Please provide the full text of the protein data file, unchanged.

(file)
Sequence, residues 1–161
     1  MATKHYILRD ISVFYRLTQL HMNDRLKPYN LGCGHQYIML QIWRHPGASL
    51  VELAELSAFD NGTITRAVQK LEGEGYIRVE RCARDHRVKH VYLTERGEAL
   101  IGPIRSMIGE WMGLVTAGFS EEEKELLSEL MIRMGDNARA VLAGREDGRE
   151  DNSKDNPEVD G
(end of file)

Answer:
Sequence, residues 1–161
     1  MATKHYILRD ISVFYRLTQL HMNDRLKPYN LGCGHQYIML QIWRHPGASL
    51  VELAELSAFD NGTITRAVQK LEGEGYIRVE RCARDHRVKH VYLTERGEAL
   101  IGPIRSMIGE WMGLVTAGFS EEEKELLSEL MIRMGDNARA VLAGREDGRE
   151  DNSKDNPEVD G